IMPACTS is a PAN European research project where researchers from academia and industry from nine different countries collaborates on investigating impact of impurities in CO2 captured from power plants and other CO2-intensive industries on CO2 transport and storage.
IMPACTS has generated a large amount of new knowledge in this area and is an example of how wide reaching research programs where different groups look into different aspects of the same topic brings the knowledge base forward while ensuring that the results are aligned.
Inventory of CO2 mixtures
One of the key goals of IMPACTS has been to determine the scientific basic for which impurities that can be acceptable for a CO2 transport system, avoiding too stringent constraints for the chains. So far IMPACTS has generated a comprehensive Inventory of CO2 mixtures where a framework for characterization of impact of impurities on CCS systems has been defined. The TREND software development is essential. It may be useful for a lot of different industries and may possibly become an ISO standard.
A Report on knowledge gaps has been produced and a better equation of state has been developed for CO2 mixed with all the potential contaminants expected in captured CO2.
An overview of knowledge regarding corrosion of pipelines in CO2 service has been established and experimental work has determined effect of CO2 supercritical mixtures on corrosion of pipeline materials.
7 representative CCS chains have been formulated. These cover the full range of compositions likely to be encountered in CCS projects over the next 10-25 years. These are ready for use in the analysis of economic, operational and risk effects of impurities. A start has been made on the construction of the economic model.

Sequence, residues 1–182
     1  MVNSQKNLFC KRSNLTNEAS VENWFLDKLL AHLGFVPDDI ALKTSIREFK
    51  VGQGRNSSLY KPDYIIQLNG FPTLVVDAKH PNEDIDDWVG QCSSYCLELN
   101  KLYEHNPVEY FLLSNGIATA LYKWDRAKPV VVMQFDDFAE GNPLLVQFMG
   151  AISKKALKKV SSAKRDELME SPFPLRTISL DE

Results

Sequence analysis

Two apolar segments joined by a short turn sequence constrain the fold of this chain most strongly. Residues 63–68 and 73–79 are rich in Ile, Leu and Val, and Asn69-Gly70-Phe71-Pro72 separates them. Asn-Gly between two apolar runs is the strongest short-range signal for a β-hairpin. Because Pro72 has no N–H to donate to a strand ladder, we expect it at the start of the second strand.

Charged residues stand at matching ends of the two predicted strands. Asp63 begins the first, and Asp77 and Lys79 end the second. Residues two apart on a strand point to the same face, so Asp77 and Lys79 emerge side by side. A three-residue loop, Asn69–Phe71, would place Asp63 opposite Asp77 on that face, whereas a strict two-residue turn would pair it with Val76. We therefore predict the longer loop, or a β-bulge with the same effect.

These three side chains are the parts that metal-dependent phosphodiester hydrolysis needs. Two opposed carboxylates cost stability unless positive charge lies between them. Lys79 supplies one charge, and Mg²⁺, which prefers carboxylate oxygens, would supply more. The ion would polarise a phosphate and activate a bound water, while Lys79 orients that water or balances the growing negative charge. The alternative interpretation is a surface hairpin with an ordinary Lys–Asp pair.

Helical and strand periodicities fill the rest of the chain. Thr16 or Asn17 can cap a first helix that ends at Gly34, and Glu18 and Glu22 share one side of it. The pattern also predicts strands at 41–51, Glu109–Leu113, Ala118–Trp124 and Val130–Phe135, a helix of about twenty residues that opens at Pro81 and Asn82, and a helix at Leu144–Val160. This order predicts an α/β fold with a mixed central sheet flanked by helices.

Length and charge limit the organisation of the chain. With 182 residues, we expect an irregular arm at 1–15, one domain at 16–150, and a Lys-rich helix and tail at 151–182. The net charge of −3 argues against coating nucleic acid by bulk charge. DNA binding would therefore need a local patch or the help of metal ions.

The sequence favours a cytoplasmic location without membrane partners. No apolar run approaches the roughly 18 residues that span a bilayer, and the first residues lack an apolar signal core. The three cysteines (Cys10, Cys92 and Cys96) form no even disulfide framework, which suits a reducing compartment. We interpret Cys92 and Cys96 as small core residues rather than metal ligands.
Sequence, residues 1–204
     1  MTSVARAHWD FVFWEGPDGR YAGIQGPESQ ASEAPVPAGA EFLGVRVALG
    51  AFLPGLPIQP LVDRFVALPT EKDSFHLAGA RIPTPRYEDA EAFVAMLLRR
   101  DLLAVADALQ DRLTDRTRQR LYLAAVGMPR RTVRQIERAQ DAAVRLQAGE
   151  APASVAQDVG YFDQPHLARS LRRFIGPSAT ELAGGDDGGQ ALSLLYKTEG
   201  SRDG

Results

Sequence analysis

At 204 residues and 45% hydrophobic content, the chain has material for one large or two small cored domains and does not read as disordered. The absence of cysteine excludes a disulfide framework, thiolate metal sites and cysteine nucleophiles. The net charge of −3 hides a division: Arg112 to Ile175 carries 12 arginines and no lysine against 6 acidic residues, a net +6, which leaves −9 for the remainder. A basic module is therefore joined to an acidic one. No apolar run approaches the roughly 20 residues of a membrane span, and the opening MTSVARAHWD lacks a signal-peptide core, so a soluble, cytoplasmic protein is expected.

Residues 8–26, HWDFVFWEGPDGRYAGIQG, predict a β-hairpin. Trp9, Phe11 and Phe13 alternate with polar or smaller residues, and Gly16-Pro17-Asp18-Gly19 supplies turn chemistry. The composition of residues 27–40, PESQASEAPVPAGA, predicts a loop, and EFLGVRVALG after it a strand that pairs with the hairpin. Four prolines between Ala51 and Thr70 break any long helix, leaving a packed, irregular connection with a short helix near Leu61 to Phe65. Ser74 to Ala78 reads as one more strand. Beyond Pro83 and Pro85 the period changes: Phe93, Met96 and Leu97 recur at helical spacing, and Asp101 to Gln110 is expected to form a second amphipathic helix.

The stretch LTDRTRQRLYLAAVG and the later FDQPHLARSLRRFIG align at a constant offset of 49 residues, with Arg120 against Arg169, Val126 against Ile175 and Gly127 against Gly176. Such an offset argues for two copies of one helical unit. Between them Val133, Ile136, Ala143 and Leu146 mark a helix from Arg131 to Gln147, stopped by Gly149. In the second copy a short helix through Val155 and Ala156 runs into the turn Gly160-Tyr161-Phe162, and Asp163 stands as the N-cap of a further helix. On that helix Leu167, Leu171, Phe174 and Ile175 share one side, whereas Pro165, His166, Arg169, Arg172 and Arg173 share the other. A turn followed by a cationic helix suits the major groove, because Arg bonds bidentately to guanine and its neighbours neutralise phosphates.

Processing, compression and transport to be viewed as one
The results illustrated how important it is that processing, compression and transport need to be viewed as one, and optimized together and that reliable numbers are arrived at for what can be acceptable in amounts of impurities. Also acknowledging that transport also requires compression and processing, and how impurities affect this. A presentation from Geir Skaugen, SINTEF and the IMPACTS project illustrated how 4% of impurities in the CO2 can increase the power consumption for transport by 50%. The effect of impurities are most severe at low pressures i.e storage pressures.
In the final six months of IMPACTS the focus will be on firming up the final experimental results, quality assurance and dissemination of the results in particular to the international standardization comittees such as the ISO committee on Transport of CO2.